The Allied landing in Norway early in June, 1944, in the course of which large-scale airborne operations took place, raised among the Germans the question as to how far the Hitler Order would be applied in Normandy, and in France behind the German lines. I direct the Court's attention to Document 531-PS, which will be Exhibit USA 550. The memorandum is dated 23rd June, 1944, and is signed by Warlimont. Warlimont's memorandum starts by quoting a teletype from the Supreme Command in the West, inquiring what should be done about applying the Hitler Order to Airborne Troops and Commandos.

I would like to read a small part of the teletype from the beginning:

"Supreme Command West reports by teletype message, Top Secret, 23rd June, 1944:

The treatment of enemy Commando Groups has so far been carried out according to the order referred to." (If I may interpolate here, the order referred to is shown in the cross-reference to the Fuehrer Order of 13th October, 1942.)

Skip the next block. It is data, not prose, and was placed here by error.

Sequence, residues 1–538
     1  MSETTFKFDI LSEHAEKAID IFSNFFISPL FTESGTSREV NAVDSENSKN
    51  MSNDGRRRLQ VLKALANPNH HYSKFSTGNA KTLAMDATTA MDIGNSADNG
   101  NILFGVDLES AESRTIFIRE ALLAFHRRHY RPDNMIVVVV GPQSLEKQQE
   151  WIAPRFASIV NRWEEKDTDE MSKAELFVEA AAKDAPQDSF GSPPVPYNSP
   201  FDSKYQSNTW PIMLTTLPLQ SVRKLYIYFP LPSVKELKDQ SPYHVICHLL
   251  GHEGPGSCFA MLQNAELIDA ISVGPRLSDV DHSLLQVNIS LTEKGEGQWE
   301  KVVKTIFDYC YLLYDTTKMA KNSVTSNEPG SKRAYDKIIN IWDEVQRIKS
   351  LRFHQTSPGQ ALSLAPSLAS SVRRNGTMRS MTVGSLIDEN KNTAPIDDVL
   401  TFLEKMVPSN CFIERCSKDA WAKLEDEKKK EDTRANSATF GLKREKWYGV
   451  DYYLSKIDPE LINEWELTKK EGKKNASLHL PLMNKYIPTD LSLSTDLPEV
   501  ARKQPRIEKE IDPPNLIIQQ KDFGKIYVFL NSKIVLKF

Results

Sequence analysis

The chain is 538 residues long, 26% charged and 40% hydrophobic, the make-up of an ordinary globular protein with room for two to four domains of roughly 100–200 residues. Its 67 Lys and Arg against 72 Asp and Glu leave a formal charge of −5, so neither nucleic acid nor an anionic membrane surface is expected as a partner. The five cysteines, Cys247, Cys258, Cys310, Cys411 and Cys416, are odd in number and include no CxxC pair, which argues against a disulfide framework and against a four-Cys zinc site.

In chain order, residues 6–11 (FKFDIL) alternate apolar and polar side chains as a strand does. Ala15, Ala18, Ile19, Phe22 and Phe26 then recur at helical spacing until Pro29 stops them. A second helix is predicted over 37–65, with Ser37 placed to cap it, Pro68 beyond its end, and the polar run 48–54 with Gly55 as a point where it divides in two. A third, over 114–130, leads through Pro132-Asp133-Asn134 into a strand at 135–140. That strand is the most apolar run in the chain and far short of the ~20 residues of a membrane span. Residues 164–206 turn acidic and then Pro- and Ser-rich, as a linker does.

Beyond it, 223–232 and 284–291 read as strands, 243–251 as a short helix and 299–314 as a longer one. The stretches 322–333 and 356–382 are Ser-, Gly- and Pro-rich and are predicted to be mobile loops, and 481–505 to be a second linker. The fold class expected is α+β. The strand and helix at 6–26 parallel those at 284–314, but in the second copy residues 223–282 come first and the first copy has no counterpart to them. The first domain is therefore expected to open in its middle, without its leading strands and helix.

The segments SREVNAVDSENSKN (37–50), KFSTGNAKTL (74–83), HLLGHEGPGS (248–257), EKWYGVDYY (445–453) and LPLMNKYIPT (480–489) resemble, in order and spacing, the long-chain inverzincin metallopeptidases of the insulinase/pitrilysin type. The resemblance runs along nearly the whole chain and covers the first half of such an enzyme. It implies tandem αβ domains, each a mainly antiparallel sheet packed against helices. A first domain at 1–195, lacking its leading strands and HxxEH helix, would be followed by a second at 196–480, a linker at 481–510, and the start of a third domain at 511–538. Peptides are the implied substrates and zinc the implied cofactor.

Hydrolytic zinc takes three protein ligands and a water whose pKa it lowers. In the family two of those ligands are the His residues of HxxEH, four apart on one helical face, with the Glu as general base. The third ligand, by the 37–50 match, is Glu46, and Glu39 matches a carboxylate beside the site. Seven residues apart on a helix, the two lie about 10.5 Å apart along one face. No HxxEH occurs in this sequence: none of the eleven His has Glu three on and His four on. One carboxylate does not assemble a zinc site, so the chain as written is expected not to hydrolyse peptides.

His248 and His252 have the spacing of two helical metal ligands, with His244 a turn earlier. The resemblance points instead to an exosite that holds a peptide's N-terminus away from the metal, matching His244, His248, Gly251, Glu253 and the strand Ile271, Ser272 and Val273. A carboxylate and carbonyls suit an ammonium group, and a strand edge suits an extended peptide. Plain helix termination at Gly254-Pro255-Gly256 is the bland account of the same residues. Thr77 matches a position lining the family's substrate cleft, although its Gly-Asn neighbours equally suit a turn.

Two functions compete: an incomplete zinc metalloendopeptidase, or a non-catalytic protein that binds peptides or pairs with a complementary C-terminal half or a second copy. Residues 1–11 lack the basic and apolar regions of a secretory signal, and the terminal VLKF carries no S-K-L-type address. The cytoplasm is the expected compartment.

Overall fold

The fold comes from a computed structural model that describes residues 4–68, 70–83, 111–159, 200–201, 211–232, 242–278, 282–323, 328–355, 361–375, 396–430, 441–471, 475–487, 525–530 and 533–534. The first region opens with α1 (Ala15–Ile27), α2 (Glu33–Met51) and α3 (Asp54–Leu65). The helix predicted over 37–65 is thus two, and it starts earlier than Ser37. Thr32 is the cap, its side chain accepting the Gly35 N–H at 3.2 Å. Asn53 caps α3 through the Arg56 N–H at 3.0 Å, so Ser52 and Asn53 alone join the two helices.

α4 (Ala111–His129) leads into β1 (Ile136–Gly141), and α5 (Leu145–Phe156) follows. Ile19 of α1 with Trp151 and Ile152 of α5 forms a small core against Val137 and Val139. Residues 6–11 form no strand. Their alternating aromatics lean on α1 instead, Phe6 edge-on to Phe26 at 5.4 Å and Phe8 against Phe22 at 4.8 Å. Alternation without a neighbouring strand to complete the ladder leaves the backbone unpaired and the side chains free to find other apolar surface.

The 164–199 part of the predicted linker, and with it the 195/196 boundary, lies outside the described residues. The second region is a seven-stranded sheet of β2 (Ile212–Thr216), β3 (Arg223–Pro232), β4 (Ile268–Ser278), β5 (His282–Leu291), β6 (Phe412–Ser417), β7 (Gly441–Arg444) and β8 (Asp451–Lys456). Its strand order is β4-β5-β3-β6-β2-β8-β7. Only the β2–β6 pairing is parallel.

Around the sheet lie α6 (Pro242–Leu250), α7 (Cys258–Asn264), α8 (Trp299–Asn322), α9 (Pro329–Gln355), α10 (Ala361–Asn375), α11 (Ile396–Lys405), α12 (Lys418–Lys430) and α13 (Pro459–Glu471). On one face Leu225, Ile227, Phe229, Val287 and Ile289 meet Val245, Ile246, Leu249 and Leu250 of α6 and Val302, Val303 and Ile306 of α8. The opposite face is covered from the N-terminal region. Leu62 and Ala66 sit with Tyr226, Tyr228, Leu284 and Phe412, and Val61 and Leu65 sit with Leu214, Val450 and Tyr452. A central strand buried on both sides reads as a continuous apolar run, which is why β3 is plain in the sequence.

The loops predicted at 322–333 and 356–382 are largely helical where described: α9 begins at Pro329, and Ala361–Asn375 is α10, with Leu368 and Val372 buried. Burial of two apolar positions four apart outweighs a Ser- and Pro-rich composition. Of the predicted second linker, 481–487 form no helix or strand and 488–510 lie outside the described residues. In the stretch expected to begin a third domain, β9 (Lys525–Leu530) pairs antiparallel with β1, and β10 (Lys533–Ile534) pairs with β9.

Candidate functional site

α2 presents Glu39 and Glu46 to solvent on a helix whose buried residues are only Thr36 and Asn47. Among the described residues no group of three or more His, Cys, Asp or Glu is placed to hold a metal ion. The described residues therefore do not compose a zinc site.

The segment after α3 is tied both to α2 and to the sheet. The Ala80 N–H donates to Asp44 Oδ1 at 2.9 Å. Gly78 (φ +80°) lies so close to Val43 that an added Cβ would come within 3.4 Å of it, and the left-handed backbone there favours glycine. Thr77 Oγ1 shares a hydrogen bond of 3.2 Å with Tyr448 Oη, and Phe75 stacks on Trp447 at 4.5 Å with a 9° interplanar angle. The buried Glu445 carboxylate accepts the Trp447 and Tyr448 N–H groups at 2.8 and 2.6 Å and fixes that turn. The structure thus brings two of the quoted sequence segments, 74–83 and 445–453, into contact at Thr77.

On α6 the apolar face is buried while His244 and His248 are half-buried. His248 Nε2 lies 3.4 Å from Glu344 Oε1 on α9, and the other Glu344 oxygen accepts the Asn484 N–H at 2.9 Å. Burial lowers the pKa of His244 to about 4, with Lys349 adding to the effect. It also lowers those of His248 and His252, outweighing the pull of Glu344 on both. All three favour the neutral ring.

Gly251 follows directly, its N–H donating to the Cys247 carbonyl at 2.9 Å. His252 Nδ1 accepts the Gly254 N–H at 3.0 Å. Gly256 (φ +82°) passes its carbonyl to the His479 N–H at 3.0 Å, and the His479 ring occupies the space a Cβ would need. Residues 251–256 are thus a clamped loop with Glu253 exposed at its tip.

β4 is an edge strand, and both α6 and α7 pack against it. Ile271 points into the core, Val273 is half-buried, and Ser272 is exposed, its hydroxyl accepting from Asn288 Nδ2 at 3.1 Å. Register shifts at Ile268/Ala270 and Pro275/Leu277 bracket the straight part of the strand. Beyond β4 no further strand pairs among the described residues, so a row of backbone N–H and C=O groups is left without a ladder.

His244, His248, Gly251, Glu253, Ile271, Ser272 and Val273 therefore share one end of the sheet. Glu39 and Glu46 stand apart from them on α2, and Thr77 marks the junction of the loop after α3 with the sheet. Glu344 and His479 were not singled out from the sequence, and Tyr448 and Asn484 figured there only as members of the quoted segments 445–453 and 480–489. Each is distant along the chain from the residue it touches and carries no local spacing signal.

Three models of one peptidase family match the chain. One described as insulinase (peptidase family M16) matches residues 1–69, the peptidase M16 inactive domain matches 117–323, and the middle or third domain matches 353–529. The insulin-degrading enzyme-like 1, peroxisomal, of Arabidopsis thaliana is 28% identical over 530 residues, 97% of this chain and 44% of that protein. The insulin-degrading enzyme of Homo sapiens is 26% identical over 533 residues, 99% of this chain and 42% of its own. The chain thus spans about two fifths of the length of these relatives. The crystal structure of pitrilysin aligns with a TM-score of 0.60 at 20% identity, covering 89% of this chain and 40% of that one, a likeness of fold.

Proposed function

"With the large-scale landing achieved, a new situation has arisen. The order referred to directs, in paragraph 5, that enemy soldiers who are taken prisoner in open combat or surrender within the limits of normal combat operations (such as large-scale landing operations and undertakings) are not to be treated according to paragraphs 3 and 4. It must be established in a form easily understood by the troops how far the concept 'within the limits of normal combat operations' is to be extended."

Then I pass down to sub-paragraph D and read the first sentence of that sub-paragraph.

THE PRESIDENT: I think you ought to read the latter part of "C."

COLONEL TAYLOR: Your Honour, I think it is all summarised in the one sentence.